Otis Don WOODS, Appellant, v. The STATE of Texas, Appellee.
Otis Don Woods was convicted of attempted sexual assault. His punishment, enhanced by prior convictions, was set at thirty years' confinement. Woods pleaded guilty to the charge and true to the two enhancement paragraphs, pursuant to a plea bargaining agreement with the State. The trial court assessed the punishment recommended in the plea bargaining agreement. One of the documents signed by Woods and his counsel in connection with the plea bargain was a “Waiver of Appeal,” which contains in capital letters “I HEREBY WAIVE ANY AND ALL RIGHTS TO APPEAL THIS CASE.”
Woods filed a pro se notice of appeal and a motion to withdraw his guilty plea, raising issues as to his mental capacity at the time of trial and at the time of the offense. The court appointed an attorney for Woods on appeal. Counsel then filed an amended notice of appeal, alleging that the appeal was for jurisdictional defects, challenging the voluntariness of the guilty plea, and challenging the written pretrial order that Woods was competent to stand trial.
Defense counsel filed a brief pursuant to Anders v. California,1 concluding that there is no error that could arguably support reversal on appeal, and moved to withdraw. Although we permitted counsel to withdraw, we remanded the case to the trial court for the appointment of new counsel on appeal, to address whether Woods' trial counsel rendered constitutionally effective assistance, in view of Woods' history of mental illness, by her failure to file a notice of intent to present an insanity defense, and her failure to request the appointment of a defense mental health expert. New counsel on appeal has now filed a brief.
The State challenges our jurisdiction to hear this appeal. It points out that as part of his plea bargain, Woods waived his right to appeal. Citing Blanco v. State, 18 S.W.3d 218 (Tex.Crim.App.2000), the State argues that there is no valid or compelling reason why Woods should not be held to his bargain. Id. at 220. However, the Blanco case requires that there be no unfairness in the plea bargaining agreement.
In this case, Woods raises a claim of ineffective assistance of counsel. As stated in Strickland v. Washington, 466 U.S. 668, 104 S.Ct. 2052, 80 L.Ed.2d 674 (1984), the right to counsel is the right to effective assistance of counsel. In setting forth the first of the two-pronged test for determining ineffective assistance, the United States Supreme Court stated that deficiency of counsel requires a showing that counsel made errors so serious that she was not functioning as the counsel guaranteed to a criminal defendant by the Sixth Amendment to the United States Constitution. Id., 466 U.S. at 687, 104 S.Ct. 2052. Thus, a plea bargaining agreement, even one containing a waiver of the right to appeal, made by a defendant without the assistance of effective counsel, is an unfair agreement specifically excepted from the general rule set forth in Blanco v. State, 18 S.W.3d 218 (Tex.Crim.App.2000). While we recognize the difficulty of establishing such a claim in direct appeals, Thompson v. State, 9 S.W.3d 808, 813-14 nn. 5-6 (Tex.Crim.App.1999), we are not without jurisdiction to hear them. We therefore reject the State's challenge to our jurisdiction in this case.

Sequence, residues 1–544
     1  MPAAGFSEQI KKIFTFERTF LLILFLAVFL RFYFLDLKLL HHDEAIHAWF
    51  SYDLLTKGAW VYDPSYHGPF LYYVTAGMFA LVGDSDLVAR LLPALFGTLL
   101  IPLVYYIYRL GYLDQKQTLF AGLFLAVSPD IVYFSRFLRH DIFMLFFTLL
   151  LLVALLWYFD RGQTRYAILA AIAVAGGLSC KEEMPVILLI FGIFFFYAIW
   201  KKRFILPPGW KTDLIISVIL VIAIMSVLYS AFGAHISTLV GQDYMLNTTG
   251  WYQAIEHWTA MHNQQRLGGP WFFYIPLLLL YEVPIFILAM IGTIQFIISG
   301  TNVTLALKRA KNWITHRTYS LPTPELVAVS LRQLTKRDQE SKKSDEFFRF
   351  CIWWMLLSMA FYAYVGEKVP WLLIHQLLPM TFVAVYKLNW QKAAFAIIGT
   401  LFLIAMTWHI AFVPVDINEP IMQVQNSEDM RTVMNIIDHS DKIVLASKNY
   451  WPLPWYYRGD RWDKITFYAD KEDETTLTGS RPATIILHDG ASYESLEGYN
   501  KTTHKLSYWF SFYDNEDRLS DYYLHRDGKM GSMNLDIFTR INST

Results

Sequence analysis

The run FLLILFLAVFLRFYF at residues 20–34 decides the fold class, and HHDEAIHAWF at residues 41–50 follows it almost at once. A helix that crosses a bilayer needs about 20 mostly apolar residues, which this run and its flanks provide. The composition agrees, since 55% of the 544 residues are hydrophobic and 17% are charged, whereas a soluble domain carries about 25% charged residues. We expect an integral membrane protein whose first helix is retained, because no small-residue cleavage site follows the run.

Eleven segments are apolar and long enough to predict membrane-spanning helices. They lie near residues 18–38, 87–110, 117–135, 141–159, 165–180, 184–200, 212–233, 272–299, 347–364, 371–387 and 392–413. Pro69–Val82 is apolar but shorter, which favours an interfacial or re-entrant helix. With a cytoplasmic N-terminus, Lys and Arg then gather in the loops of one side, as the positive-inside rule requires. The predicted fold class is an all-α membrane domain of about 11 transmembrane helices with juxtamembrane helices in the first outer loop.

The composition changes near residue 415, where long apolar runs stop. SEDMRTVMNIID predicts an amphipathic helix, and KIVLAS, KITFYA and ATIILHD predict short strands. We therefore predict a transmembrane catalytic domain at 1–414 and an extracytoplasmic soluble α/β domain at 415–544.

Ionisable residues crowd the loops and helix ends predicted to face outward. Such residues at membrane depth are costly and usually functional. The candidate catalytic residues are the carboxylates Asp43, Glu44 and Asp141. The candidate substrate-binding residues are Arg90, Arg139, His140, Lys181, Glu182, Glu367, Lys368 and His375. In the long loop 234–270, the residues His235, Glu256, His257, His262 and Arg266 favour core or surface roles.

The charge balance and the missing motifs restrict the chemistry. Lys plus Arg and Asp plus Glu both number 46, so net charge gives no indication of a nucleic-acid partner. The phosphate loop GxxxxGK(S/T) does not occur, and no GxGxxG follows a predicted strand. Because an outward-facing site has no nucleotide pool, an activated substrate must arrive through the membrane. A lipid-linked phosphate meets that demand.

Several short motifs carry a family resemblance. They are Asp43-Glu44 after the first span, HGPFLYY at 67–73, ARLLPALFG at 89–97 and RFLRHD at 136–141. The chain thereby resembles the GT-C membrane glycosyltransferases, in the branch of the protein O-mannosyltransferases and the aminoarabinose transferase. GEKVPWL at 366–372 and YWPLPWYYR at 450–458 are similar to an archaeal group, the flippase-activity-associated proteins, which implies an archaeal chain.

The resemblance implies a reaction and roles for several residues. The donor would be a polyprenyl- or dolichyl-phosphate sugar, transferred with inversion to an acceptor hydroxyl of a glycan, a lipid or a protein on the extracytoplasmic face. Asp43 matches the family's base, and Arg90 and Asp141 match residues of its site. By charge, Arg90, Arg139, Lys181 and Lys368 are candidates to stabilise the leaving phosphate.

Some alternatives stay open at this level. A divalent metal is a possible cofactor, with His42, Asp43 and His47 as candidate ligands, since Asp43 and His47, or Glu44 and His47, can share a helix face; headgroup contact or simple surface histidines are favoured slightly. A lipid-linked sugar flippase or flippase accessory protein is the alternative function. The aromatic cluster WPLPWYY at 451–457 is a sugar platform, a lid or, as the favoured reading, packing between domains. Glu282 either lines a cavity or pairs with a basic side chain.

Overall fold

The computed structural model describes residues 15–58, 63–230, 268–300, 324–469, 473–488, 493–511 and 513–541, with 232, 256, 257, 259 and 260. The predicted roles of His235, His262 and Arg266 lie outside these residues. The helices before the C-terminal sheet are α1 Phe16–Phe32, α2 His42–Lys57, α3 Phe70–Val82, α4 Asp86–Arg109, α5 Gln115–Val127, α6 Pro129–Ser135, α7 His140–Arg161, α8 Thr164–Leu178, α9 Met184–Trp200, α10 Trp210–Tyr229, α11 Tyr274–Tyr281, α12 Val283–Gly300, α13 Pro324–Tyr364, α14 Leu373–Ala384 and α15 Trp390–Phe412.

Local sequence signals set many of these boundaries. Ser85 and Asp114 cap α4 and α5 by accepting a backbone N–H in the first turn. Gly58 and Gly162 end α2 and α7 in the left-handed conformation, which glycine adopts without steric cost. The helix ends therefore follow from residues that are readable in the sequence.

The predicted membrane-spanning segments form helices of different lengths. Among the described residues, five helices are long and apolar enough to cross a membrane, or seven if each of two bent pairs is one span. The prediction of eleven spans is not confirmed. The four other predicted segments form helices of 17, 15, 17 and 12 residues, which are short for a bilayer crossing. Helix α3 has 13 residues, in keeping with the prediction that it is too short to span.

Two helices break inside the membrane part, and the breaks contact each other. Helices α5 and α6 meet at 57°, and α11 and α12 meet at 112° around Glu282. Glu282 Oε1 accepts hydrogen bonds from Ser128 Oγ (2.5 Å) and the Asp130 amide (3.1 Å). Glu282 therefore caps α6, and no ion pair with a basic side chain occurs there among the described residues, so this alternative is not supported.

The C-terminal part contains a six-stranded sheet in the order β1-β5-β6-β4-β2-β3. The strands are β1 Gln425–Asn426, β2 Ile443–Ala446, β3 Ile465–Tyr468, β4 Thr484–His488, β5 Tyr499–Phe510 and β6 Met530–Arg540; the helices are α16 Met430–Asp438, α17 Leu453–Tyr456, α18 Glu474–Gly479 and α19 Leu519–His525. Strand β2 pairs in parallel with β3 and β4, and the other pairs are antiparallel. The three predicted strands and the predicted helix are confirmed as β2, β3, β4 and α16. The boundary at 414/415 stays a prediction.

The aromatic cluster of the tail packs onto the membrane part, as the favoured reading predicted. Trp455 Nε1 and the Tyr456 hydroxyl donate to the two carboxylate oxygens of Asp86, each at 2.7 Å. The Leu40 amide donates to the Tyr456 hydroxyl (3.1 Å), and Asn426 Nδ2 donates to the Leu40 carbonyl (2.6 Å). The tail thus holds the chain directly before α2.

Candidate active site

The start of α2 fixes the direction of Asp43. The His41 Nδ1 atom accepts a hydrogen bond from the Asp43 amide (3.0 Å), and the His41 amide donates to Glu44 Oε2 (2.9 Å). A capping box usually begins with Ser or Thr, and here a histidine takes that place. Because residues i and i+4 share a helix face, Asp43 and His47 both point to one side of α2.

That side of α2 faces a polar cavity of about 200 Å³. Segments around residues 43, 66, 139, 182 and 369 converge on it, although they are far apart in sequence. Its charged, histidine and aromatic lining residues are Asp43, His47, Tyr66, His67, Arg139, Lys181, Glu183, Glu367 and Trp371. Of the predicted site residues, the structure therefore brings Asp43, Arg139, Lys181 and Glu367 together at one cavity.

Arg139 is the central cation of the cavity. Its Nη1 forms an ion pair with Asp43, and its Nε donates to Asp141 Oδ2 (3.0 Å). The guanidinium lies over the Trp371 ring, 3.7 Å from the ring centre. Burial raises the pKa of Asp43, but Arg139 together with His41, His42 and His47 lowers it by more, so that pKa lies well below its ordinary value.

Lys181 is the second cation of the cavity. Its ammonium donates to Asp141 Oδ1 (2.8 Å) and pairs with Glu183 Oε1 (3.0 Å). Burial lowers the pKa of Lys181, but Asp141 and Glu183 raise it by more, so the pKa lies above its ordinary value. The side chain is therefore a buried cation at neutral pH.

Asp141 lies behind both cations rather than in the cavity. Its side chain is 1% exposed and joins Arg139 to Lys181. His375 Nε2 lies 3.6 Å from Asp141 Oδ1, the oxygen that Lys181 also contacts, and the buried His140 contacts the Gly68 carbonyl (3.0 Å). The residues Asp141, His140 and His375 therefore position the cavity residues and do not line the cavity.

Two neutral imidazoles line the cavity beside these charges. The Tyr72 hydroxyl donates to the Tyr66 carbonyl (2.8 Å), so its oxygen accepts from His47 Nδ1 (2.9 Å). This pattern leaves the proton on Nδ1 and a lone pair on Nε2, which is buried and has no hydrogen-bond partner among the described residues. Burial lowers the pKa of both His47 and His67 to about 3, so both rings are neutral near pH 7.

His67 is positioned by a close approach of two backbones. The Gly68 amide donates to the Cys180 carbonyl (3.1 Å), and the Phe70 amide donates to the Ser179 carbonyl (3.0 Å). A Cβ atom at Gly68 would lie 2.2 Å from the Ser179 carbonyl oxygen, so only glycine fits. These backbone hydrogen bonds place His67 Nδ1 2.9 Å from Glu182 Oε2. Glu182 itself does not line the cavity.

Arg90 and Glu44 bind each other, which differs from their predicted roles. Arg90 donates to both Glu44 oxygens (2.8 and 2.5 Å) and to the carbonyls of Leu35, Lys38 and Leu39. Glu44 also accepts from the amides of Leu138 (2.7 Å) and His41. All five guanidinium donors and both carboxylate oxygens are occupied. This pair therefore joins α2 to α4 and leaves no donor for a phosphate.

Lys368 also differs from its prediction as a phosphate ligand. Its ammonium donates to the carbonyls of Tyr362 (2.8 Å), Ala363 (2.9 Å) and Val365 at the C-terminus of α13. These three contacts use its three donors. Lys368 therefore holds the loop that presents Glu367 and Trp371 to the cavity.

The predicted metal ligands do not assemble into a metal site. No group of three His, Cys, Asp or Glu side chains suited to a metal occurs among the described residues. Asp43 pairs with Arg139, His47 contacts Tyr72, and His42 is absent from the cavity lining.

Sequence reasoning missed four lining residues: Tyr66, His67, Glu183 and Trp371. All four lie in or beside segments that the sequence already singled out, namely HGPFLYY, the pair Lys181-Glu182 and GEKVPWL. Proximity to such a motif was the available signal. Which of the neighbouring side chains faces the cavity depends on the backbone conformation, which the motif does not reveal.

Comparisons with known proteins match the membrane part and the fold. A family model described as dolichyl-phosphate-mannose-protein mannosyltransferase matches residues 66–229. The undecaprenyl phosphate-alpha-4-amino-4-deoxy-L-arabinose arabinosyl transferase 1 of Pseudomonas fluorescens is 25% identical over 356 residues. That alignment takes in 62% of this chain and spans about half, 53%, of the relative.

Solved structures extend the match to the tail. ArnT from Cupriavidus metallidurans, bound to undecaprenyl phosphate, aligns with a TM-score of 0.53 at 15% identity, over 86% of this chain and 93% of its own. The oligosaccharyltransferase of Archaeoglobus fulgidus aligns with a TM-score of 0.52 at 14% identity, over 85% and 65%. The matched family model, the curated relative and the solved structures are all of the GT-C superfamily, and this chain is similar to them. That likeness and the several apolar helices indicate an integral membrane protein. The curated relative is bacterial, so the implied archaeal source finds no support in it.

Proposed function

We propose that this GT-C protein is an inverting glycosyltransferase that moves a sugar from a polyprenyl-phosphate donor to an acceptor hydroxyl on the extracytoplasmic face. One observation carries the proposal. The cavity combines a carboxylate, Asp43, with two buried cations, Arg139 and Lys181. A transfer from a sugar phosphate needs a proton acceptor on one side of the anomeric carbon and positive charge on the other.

To prove his claim of ineffective assistance of counsel, Woods must show by a preponderance of the evidence: 1) that his counsel's representation was deficient; and 2) that the deficient performance was so serious that it prejudiced his defense. Strickland v. Washington, 466 U.S. 668, 104 S.Ct. 2052, 80 L.Ed.2d 674; State v. Kelley, 20 S.W.3d 147, 151 (Tex.App.-Texarkana 2000, no pet.).